WORSHIP MUSIC IN THE CHURCH – Part 7 By Jim Mell
Once again we will take a look at the question “What should worship music in the church be like?” in the framework of John MacArthur’s views on this subject as expressed in his book Fool’s Gold? Discerning Truth in an Age of Error. To date we have looked at the first six of his ten guidelines for music as part of a worship service and how Knowlton Presbyterian Church in America (KPCA) reflects these guidelines. In summary that first six included that the music be God-focused, promote a high view of God, be orderly, biblically sound, promote unity and be performed with excellence. This article will deal with MacArthur’s seventh guideline that music in the worship service should prepare people for the preaching of God’s Word.
MacArthur shares with us that 2 Timothy 4:2 commands that the Word be preached. He also cites that just a few verses prior (2 Timothy 3: 16-17), “…Paul [speaks] of the sufficiency of Scripture and its importance in our lives; that it is only through God’s Word that we learn about Him; it is only through the Bible that God reveals Himself to us”. Consequently, MacArthur believes that worship music should complement the “proclamation of the truth”, and not “overshadow or eclipse the preaching of the word”. He writes that the music prior to the sermon should “…prepare the congregation for what the Holy Spirit wants them to hear”. Also, that music following the sermon should be “an appropriate response to what has just been received (cf. Colossians 3: 16-17)”.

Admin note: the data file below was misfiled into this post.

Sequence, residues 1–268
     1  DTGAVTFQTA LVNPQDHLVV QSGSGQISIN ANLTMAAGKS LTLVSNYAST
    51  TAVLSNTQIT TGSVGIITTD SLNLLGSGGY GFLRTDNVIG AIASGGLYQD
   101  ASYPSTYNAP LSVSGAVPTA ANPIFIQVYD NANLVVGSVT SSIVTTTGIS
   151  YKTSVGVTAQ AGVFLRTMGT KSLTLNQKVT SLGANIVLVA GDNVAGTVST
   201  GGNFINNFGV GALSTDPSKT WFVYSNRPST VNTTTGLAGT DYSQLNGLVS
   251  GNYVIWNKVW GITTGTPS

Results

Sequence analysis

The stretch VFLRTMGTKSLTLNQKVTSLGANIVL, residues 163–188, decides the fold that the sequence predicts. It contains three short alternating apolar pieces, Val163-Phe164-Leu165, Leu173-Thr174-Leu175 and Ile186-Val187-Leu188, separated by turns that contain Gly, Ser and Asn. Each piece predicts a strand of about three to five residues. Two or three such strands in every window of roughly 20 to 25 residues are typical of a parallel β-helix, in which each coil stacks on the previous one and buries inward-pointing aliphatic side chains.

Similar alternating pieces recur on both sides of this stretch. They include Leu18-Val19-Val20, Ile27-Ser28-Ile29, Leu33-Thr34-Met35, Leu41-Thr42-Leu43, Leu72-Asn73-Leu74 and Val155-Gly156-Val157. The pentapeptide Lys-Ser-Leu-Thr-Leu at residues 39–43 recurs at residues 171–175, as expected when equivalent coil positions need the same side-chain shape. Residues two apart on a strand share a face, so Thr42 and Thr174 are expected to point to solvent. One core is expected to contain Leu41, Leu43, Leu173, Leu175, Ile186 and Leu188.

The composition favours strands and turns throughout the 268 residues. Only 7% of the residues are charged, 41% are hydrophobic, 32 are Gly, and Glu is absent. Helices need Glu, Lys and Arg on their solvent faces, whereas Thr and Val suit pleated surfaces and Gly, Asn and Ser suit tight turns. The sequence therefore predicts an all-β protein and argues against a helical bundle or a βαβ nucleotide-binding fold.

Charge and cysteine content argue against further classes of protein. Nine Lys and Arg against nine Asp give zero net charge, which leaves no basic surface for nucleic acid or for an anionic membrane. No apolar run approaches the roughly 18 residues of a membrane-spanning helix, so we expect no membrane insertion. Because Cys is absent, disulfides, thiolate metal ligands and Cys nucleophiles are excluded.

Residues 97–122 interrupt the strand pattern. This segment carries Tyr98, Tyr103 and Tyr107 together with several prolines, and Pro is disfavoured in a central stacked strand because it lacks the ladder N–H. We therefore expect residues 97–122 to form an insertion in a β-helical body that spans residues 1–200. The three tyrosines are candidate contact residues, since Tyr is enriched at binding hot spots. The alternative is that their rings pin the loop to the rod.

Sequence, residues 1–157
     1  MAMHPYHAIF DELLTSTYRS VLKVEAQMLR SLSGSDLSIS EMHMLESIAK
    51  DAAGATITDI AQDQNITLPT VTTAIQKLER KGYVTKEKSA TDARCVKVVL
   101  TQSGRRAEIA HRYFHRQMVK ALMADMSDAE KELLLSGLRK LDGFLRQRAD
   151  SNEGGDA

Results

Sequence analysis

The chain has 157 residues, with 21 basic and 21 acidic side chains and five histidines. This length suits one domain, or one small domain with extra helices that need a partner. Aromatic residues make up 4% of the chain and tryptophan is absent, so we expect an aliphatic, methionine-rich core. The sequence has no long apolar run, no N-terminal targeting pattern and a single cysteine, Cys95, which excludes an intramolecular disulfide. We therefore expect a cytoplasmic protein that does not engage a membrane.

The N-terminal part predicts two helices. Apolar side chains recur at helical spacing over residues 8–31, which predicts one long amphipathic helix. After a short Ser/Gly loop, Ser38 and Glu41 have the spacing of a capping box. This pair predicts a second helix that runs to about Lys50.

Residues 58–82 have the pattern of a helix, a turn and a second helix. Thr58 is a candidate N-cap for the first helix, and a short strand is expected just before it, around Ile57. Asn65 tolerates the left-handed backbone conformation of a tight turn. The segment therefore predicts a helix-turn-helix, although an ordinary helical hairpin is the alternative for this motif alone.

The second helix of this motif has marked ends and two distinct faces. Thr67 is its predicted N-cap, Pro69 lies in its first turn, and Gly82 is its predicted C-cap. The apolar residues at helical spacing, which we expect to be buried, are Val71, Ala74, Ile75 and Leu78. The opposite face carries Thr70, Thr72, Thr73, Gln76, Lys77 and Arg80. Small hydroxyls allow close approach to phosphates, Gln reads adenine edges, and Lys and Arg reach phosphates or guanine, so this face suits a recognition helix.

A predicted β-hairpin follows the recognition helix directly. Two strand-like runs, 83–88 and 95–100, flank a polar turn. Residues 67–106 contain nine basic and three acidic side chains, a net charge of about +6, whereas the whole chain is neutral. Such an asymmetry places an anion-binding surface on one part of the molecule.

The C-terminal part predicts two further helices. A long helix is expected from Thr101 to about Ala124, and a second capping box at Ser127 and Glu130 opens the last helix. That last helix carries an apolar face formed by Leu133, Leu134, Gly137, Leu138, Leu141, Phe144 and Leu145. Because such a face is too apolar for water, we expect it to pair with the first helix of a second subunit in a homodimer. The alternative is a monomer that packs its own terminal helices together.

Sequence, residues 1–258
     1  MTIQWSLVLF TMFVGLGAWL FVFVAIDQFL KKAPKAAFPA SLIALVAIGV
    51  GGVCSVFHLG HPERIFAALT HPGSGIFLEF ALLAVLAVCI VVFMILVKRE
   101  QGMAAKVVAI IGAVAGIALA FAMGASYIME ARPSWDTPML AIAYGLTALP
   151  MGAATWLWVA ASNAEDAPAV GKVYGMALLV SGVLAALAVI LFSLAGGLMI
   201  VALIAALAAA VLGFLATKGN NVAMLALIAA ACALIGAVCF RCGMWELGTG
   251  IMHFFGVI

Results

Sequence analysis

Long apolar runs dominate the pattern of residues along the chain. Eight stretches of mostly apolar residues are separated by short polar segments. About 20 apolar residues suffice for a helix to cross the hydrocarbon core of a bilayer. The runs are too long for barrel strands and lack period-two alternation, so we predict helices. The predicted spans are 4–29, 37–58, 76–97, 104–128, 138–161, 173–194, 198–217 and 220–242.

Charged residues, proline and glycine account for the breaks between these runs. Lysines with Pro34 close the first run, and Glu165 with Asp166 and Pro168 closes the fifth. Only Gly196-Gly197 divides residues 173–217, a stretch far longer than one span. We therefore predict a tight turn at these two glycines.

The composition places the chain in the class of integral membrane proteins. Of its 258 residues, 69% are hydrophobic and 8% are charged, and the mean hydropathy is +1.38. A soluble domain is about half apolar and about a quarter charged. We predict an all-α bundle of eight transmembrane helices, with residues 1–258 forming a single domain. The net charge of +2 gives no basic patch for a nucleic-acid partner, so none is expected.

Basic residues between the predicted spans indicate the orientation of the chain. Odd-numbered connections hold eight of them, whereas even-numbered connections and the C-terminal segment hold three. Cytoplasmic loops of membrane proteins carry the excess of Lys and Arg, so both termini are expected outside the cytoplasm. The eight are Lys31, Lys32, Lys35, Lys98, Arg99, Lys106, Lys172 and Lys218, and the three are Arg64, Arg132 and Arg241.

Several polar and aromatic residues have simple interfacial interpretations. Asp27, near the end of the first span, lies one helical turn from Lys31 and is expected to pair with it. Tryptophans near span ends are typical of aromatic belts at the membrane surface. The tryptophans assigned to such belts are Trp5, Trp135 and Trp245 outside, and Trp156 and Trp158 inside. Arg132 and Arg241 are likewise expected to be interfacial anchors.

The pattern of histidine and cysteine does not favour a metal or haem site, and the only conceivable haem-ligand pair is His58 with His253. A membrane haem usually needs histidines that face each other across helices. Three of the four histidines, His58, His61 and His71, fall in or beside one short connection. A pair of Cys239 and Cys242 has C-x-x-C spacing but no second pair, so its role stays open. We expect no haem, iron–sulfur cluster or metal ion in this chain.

At KPCA the Pastor informs the worship committee weekly regarding the Biblical passage on which the sermon will be preached and the theme or themes that will be presented, regarding the passage. The committee members are asked to consider the hymn selections, particularly of an appropriate hymn of preparation that will precede the sermon as well as a closing hymn that will support what has been preached. Our hymnal has a section in the back that indicates possible hymn texts for each book of the Bible, both New and Old Testaments, referring specifically to the chapter and verse for which the hymn would be supportive. Additionally, members of the committee are experienced with the hymn literature from other hymnals as well that might be included for consideration. The KPC Songbook is also a resource for this selection process. On occasion an insert is provided of a song from an independent source. Since the sermon topic is usually not known more than a week ahead of the service, prelude, postlude, offertories and other special music presented for worship cannot be selected with a specific sermon text in mind. However, such music is always selected to prepare the congregation for worship, glorify God, petition Him and celebrate Him as we leave the Sanctuary, in keeping with the aforementioned six guidelines and three left for discussion in future issues of our newsletter!
Fool’s Gold?: Discerning Truth in an Age of Error. Mac Arthur, John, Crossway Books, 2005, pages 127, 128.